What is the Americans With Disabilities Act?
The Americans with Disabilities Act (ADA) was enacted in 1990 with the purpose of prohibiting discrimination based on disability. The ADA is similar to the Civil Rights Act of 1964 where discrimination based on age, disability, race, and other protected characteristics were outlawed. The key difference, however, is that the ADA provides that covered employers must provide reasonable accommodations to employees with disabilities. Further, the ADA provides that public places must have easily and accessible entrances and exits for disabled persons.
History of the ADA
“Let the shameful walls of exclusion finally come tumbling down” – President George BusH
Passed in 1990, the ADA provided the first and most comprehensive set of protections for disabled individuals. Supporters argued that the disabled population represented a large portion of underrepresented and disadvantaged talent. However, it took the Equal Employment Opportunity Commission (EEOC) about two years after the passing of the act to amend regulations and bylaws to reflect the needs of the disabled population.
The purpose of the act was twofold. First, the act was designed to prevent the abuse of neglect to disabled persons. Secondly, the act was set out to promote productivity amongst the sector of society that had constantly been isolated and neglected.
What Protections Does the Americans with Disabilities Act Provide?
The act provides 1) nondiscrimination on the basis of disability in employment and 2) nondiscrimination on the basis of disability in public accommodations and commercial facilities. Keep in mind, the ADA provides similar protections to the Fair Employment and Housing Act (FEHA) of California. However, FEHA is stronger in its protections for California employees.
Covered Disabilities:In order to be covered by the ADA, you must have a covered disability. A covered disability is one that substantially limits a major life activity. Without a doubt, employment is a major life activity. If an employee has a covered disability, then he or she must be able to fulfill the essential functions of their job with or without reasonable accommodations.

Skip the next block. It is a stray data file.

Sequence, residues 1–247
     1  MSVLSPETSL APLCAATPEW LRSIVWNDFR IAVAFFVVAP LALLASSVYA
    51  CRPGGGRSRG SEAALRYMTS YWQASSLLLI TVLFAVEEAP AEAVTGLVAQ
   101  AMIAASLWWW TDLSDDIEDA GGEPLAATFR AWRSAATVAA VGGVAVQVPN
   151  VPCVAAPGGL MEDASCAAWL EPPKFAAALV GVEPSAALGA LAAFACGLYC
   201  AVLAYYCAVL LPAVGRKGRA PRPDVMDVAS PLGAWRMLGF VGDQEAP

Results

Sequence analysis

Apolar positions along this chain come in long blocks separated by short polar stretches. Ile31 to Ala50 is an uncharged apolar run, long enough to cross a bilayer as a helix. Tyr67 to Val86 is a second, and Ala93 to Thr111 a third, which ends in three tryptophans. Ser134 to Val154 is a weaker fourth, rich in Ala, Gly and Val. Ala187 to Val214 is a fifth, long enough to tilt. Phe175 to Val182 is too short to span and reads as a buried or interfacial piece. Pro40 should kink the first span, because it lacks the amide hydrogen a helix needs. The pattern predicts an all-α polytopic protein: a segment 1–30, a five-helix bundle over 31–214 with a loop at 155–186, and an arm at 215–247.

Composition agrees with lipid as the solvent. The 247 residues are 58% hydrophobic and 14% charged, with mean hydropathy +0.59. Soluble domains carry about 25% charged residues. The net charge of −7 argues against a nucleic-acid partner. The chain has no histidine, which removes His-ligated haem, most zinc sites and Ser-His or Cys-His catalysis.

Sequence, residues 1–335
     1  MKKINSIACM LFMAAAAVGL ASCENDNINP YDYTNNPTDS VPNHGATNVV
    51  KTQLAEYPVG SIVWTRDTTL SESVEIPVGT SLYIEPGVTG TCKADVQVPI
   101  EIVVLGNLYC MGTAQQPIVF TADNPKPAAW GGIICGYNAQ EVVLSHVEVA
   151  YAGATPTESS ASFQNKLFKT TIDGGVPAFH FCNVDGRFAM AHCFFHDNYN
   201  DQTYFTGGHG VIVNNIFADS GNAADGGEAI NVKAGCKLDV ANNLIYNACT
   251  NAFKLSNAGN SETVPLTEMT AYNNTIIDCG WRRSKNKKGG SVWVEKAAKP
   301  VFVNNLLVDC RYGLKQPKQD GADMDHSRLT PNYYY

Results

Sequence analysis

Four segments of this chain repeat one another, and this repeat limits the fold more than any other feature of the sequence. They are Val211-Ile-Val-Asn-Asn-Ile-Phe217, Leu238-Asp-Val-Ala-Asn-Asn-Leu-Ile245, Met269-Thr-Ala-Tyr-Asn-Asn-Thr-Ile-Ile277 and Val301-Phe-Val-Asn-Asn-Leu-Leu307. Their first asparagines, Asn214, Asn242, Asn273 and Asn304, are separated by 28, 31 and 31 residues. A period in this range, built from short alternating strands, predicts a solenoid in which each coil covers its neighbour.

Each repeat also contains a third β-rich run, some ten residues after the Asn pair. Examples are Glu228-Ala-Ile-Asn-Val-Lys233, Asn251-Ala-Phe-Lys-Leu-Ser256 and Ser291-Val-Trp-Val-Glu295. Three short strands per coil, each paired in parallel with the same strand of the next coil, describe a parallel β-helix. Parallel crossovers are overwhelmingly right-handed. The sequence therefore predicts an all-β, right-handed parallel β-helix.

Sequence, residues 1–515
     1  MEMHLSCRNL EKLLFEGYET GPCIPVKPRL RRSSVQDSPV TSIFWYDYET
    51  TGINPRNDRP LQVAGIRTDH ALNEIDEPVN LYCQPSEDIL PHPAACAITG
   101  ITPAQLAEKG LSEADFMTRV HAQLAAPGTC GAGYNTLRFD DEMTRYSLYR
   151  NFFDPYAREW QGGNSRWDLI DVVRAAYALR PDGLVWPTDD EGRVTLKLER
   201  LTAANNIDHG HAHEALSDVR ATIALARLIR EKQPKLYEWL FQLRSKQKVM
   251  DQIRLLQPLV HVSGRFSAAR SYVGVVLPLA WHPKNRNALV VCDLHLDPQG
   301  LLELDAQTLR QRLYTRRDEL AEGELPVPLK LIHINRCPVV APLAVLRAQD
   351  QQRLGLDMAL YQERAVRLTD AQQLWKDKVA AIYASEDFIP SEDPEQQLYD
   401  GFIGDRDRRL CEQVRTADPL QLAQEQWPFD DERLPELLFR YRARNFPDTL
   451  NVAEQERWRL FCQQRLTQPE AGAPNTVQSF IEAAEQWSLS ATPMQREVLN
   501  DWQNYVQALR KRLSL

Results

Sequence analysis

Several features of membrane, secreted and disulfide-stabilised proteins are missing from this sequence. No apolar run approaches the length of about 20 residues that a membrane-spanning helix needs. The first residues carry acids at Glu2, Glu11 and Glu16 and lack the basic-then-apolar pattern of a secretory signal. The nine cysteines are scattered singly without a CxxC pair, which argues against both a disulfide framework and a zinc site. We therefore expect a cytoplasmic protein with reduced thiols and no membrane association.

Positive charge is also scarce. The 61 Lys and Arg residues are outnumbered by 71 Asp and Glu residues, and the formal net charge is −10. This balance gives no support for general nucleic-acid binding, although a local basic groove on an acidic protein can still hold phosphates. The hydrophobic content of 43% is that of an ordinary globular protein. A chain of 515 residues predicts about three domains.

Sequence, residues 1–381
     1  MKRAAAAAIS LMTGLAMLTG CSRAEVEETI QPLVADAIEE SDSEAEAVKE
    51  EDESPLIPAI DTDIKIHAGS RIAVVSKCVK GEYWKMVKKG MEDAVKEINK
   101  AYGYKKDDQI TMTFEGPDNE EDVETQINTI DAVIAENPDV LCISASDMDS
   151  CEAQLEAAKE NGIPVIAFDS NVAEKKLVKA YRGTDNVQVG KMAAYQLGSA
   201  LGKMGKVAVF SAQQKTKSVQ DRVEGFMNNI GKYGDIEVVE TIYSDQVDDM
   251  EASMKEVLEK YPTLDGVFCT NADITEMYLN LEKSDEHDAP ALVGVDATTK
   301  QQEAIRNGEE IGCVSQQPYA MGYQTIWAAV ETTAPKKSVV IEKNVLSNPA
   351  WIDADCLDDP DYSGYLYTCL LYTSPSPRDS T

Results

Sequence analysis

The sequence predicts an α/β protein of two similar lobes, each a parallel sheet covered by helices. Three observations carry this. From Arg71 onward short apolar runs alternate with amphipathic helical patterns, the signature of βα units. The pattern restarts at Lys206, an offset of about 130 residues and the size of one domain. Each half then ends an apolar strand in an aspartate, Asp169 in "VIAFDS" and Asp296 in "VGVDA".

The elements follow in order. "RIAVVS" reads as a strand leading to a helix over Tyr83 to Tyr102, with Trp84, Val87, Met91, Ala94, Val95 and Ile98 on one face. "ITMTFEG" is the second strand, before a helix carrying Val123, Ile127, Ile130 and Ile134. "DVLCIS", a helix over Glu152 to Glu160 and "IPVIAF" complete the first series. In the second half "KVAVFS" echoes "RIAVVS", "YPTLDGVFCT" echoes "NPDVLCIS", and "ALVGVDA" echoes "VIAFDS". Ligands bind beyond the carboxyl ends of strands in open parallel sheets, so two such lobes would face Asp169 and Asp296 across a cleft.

Covered Employers: to be covered by the ADA, the employer you work for must have 15 employees or more
Reasonable Accommodations: Once it is established that an employee can perform his or her essential functions of the job, the employer must make an attempt to provide reasonable accommodations. Your employer is not required to give you any accommodations you ask for. The requirement is that your employer must give you these reasonable accommodations unless it creates an undue financial burden to the employer, or it creates a safety risk to you or other employees. But how do you know what is reasonable? This is where the “interactive process” comes in.
The Interactive Process:this process is essentially an information-sharing procedure between the employee and the employer. The purpose of the interactive process is to figure out how to come to a common ground with respect to accommodations. There is no formal procedure for the interactive process. Often times, the interactive process involves sharing medical reports and restrictions prescribed by doctors to human resources or other supervisors.
Providing Medical Documentation
Further, your employer may ask for medical information if your disability was not known or was not obvious. Be frank with your employer. Provide the requested documentation. After submitting the information, your employer may follow up and ask for supplemental information. As long as the request is reasonable, you may be required to provide it in order to get the accommodations you seek.
Your employer is not allowed to share information about disability to other coworkers. You have a reasonable expectation of privacy in your medical documentation. However, your supervisors may be informed about your disability in attempt to accommodate your restrictions. However, your employer and/or supervisors may be required to keep your disability documentation separate from the rest of work documents.
Wrongful Termination and ADA Violations
California, along with many other states, is an at-will employment state. This means that your boss can fire you for almost any reason. But they cannot fire you because of your disability. If they do, you may have a claim for wrongful termination.
There is a strong presumption of discrimination if you were terminated, demoted, or discriminated:
- While you were on a leave for a disability
- Immediately after asking for an accommodation
- Shortly after being diagnosed with a disability
- After complaining about someone harassing you because of your disability
- Subsequent to rejecting an accommodation
- After being subject to offensive words or comments
Harassment and the Americans with Disabilities Act
Often times, employers get frustrated about the fact that they have to comply with the law to provide reasonable accommodations. This can lead to harassment. This can come in many forms. Commonly, it includes belittling an employee for having a disability or make the employee feel less worthy. The law provides that you cannot be harassed by co-workers, supervisors, or customers in relation to your disability.
What Should I Do?
Do not let your employer treat you unfairly because of your disability. Call the Miracle Mile Law Group if you have suffered from disability discrimination in the workplace. Attorneys are standing by to listen to your story.